It is easy for many people to go to work day after day without thinking big or long-term about their careers. WSJ’s Sue Shellenbarger and Tanya Rivero discuss the importance of asking: Am I doing what I should be doing to advance my career?
Many people go to work contentedly enough day after day. Thoughts of change come only after a bomb drops in the form of a bad review or layoff, or boredom or frustration saps all the fun from your job.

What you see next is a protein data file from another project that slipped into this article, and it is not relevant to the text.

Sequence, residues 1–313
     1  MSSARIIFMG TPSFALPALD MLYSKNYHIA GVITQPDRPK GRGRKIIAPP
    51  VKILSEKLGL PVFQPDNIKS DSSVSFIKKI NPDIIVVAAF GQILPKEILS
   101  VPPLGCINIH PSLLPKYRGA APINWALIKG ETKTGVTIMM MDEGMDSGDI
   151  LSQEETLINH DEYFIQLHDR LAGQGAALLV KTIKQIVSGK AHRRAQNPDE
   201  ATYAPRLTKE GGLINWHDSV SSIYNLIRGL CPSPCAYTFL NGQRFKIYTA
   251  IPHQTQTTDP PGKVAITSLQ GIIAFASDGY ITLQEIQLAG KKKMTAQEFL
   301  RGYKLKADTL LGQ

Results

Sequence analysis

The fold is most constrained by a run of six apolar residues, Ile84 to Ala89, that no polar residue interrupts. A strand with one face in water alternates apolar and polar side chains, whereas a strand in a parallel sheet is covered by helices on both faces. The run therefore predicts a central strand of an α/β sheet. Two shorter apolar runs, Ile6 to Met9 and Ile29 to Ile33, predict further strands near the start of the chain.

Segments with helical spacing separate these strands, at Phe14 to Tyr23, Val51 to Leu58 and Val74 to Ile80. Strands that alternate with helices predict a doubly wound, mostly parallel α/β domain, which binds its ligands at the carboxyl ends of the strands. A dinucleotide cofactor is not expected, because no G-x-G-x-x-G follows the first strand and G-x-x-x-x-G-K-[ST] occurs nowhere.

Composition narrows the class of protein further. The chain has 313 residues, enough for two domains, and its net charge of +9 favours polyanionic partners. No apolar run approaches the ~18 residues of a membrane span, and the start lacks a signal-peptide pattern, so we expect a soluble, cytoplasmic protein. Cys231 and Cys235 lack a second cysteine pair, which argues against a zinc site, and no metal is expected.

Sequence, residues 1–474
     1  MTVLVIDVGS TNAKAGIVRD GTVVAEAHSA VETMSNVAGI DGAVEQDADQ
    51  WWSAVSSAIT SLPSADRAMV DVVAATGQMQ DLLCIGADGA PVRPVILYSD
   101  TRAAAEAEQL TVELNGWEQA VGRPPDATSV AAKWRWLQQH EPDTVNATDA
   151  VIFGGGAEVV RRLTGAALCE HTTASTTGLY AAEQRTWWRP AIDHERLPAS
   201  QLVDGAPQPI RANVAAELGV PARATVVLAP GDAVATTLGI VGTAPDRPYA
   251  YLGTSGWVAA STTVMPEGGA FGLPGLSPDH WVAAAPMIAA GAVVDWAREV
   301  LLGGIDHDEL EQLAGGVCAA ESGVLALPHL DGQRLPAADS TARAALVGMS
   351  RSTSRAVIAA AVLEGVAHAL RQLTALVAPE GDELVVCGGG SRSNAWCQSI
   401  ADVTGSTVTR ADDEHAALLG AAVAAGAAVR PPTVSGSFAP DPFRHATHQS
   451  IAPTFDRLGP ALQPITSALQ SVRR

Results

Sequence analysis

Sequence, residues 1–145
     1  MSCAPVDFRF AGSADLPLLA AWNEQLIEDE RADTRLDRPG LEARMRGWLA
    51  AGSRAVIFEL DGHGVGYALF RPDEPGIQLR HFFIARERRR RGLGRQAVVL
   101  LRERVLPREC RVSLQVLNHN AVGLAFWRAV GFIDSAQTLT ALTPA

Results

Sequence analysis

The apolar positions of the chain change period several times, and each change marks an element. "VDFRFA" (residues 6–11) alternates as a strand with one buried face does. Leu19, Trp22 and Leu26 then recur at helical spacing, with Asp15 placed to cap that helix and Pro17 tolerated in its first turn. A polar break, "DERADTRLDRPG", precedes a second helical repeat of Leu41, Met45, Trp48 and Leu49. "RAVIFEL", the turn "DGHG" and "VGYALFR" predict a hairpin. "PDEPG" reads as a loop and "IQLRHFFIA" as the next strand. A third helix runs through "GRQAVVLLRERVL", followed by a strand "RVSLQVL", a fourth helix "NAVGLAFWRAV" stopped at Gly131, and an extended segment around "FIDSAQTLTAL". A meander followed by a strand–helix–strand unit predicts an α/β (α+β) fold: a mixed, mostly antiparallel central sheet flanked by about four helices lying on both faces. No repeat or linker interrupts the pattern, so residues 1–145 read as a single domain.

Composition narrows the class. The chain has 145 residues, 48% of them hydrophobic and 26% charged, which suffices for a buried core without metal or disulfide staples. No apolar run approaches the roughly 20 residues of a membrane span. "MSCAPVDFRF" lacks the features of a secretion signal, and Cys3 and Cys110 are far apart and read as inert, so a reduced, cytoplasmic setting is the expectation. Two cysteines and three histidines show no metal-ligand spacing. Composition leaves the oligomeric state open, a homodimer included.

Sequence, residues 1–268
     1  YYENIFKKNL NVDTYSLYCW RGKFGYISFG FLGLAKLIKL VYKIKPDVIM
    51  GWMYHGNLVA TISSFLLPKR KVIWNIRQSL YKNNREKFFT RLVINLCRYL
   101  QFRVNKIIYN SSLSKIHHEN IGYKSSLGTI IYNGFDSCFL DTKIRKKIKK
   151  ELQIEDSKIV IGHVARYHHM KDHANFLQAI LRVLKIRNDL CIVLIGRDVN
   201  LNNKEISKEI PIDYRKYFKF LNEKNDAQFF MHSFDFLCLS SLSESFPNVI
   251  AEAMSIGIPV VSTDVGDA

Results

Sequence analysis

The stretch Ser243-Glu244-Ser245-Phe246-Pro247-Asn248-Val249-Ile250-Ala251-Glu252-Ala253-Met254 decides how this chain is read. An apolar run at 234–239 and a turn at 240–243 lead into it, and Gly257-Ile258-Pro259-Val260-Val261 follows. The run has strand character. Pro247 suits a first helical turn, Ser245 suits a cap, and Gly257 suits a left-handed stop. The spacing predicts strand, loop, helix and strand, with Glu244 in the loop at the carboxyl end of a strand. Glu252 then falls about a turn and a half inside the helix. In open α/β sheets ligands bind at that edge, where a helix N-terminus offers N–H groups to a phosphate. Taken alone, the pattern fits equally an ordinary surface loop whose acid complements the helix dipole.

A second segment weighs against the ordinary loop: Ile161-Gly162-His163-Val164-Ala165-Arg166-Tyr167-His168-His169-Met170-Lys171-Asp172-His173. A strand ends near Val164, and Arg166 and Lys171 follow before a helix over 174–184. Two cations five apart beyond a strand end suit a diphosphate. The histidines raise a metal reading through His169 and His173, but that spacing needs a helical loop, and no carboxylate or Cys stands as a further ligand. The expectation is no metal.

Don’t let this happen. We should all have a career fitness plan. Making a fitness plan should be a quarterly discipline, and it doesn’t have to be a daunting chore. What works best isn’t trying to draw a 20-year road map. A better approach is taking a series of small steps and pilot projects to keep expanding your skills and network. Here are some signs your career plan needs a workout: